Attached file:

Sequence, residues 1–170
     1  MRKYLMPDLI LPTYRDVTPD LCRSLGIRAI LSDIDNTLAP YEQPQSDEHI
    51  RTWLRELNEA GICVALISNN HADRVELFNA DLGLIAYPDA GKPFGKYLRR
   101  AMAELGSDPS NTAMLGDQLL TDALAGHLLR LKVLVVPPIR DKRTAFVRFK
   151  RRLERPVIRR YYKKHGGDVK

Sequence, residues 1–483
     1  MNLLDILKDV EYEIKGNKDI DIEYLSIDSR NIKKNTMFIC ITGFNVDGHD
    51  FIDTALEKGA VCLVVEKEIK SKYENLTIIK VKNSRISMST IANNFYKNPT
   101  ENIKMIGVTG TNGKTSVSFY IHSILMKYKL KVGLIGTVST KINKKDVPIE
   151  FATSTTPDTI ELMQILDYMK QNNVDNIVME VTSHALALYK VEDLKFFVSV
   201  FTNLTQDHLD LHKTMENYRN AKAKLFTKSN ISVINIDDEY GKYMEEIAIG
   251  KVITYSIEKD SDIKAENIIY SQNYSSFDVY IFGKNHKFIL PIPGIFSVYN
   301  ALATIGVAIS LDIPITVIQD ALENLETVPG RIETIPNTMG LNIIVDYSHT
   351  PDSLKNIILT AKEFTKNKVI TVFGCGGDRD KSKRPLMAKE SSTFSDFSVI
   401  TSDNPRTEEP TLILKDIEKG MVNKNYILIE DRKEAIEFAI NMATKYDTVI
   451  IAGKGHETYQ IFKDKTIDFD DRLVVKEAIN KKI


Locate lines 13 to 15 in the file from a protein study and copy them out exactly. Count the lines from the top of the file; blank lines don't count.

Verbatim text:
   301  ALATIGVAIS LDIPITVIQD ALENLETVPG RIETIPNTMG LNIIVDYSHT
   351  PDSLKNIILT AKEFTKNKVI TVFGCGGDRD KSKRPLMAKE SSTFSDFSVI
   401  TSDNPRTEEP TLILKDIEKG MVNKNYILIE DRKEAIEFAI NMATKYDTVI